Toray Develops Game-Changing PPS Film for 5G Flexible Printed Circuit Boards
Toray’s Torelina biaxially-oriented PPS film balances outstanding dielectric characteristics and thermal dimensional stability.
Japan’s Toray Industries (U.S. office in New York, N.Y.) Tokyo, has created what appears to be the first of its kind PPS (polyphenylene sulfide) film specifically for 5G flexible printed circuit boards. Said to be a revolutionary film, Torelina is a biaxially-oriented PPS product that maintains the outstanding dielectric characteristics—or low dielectric losses of electrical energy—flame retardancy, and chemical robustness of that polymer while remaining thermally resistant at 40C /104 F higher than conventional counterparts. The new film resists deformation and is dimensionally stable near its melting point. PPS is a super engineering plastic that also offers excellent electrical insulation. It is crystalline, with a melting point of 280C/536F.
Toray has already finalized testing of the new film’s technology on a pilot basis, and looks to have a mass production setup in place during 2020 that would help swiftly popularize devices in the fast-expanding 5G arena. 5G is commanding attention as an advanced platform for delivering outstanding speed capacity, multi-connectivity, and low latency. It harnesses frequency bands below 6 GHz and above 20 GHz.
Employing Torelina in flexible printed circuits offering 5G and other fast data rates would offer two key benefits. First, the film would cut the transmission losses of communication devices at high frequencies. Second, it would help stabilize high-speed communication across the temperature and humidity spectrums. Flexible printed circuits are film-like wiring boards in which electrical circuits are formed on base materials from bonding thin, soft insulating base films with copper foil or other conductive metals.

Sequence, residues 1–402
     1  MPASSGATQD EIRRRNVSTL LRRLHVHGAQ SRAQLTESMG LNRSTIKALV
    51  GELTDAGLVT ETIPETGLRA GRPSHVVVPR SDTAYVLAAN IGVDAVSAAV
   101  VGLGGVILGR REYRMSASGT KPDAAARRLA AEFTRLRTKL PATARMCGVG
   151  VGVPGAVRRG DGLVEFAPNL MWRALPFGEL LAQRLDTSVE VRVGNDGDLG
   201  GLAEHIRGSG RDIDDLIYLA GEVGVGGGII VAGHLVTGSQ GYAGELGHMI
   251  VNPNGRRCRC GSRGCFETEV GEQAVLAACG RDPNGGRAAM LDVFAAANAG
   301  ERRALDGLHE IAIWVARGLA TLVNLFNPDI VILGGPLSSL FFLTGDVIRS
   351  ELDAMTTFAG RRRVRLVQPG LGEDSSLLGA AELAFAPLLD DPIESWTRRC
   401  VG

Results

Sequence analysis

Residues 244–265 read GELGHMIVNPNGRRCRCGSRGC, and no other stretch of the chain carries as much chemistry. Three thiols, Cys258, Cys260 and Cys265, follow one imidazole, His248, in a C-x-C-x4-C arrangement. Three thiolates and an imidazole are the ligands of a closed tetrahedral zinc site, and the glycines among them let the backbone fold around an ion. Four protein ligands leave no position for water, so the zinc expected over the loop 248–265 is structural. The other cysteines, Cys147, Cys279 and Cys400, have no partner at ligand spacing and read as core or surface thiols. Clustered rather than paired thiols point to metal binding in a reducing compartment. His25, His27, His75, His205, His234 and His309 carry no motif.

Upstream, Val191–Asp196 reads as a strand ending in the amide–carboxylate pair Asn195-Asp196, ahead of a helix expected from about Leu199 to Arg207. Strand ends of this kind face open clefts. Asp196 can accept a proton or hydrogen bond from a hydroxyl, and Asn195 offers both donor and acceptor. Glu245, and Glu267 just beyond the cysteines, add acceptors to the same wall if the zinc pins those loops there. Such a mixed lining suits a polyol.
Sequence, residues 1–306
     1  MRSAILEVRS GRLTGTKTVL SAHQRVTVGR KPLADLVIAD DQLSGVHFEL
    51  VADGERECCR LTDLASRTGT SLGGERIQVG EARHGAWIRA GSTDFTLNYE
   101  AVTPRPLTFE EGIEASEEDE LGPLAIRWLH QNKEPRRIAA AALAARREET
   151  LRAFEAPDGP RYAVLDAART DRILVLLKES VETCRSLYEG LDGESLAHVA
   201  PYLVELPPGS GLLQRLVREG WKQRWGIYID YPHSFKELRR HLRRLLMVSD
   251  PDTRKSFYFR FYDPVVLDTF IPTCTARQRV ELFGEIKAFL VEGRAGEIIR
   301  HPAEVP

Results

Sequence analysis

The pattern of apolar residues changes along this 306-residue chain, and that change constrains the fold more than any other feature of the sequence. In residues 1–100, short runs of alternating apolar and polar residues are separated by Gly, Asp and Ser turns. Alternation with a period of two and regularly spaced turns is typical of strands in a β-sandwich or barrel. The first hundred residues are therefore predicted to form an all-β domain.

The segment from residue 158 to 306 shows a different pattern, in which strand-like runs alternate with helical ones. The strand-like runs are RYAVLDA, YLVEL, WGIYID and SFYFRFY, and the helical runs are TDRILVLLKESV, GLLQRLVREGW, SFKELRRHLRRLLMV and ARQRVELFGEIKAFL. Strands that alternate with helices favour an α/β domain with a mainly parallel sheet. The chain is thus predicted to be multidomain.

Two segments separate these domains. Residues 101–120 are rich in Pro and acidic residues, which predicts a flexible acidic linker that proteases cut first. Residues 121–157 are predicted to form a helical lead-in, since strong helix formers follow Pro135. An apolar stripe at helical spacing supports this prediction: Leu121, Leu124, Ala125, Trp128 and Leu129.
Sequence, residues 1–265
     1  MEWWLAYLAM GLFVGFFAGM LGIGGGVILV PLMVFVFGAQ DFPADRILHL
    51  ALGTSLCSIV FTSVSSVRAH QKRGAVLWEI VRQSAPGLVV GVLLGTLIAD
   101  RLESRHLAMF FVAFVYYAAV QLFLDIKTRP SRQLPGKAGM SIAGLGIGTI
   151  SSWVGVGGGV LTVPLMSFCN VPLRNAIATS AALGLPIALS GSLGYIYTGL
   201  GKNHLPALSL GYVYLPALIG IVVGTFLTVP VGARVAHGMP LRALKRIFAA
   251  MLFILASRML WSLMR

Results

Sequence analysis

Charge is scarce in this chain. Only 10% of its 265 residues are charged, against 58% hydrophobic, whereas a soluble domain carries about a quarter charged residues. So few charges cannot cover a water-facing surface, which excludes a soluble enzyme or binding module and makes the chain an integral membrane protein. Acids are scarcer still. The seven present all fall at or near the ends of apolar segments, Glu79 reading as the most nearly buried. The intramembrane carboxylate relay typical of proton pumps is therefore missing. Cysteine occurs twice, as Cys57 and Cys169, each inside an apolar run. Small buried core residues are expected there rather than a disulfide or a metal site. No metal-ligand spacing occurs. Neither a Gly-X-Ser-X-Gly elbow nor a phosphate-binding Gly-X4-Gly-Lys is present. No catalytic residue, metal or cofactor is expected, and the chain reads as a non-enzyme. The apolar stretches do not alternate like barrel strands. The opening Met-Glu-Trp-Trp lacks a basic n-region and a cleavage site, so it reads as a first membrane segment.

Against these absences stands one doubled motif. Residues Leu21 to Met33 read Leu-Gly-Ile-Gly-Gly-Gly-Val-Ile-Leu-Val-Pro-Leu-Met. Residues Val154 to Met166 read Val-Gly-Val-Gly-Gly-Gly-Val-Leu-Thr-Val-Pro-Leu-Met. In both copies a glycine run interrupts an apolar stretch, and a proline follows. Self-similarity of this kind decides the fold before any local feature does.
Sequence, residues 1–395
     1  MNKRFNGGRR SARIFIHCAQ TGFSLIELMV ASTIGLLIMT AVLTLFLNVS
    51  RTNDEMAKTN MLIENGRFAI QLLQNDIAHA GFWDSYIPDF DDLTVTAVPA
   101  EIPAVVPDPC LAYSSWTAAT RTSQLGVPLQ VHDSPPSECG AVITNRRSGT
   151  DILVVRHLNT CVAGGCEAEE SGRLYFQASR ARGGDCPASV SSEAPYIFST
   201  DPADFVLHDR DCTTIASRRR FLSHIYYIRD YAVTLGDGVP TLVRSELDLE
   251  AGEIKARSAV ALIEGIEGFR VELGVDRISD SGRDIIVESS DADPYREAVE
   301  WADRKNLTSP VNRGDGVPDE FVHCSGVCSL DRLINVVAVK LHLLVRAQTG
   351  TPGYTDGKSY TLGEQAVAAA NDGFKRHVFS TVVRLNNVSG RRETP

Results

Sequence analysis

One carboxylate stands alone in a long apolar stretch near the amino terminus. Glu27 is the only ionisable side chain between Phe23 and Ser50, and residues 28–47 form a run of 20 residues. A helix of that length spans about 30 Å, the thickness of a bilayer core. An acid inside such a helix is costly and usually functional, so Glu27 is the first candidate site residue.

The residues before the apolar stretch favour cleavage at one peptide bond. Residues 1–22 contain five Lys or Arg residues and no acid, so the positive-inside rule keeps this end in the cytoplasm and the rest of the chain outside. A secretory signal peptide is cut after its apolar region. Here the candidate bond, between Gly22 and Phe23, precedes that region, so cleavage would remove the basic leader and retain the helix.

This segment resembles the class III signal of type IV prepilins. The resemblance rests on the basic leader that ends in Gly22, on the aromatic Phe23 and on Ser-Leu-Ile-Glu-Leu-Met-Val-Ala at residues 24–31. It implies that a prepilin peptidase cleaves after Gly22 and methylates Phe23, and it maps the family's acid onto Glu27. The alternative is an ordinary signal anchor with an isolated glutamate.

Development efforts have seen the emergence of practical LCP (liquid crystal polymer) films as flexible printed circuit substrate materials needed for 5G. The dielectric properties of such films reduce transmission losses in high-frequency bands. These films also offer thermal resistance when soldering circuit boards. However, the high cost and processing issues of LCP films fueled the exploration of other materials that could overcome those shortcomings.
Generally, PPS film offers superior flame retardancy and chemical resistance while matching or exceeding the dielectric properties of LCP film, and is far less vulnerable to temperature and humidity extremes. On the downside, however, PPS film deforms easily at high temperatures and provides insufficient resistance to heat when soldering circuit boards. These considerations drove Toray to blaze a new trail in film design. In the course of that effort, the company developed a proprietary technology that controls the crystal structure of PPS films. It thereby maintained the outstanding properties of PPS polymer while dramatically increasing thermal resistance.
Testing to 250C/482F confirmed that Toray’s new PPS film does not deform. Increasing thermal resistance should make it possible to employ existing processing facilities of circuit boards. Toray attained a low coefficient of thermal expansion in the thickness direction of 98 ppm/C by employing technology it has amassed over many years to control the orientation of film molecular chains. The diverse applications leveraging those features, including 5G transmission cables and antennas, should enable the design of smaller, multi-layered circuit boards.
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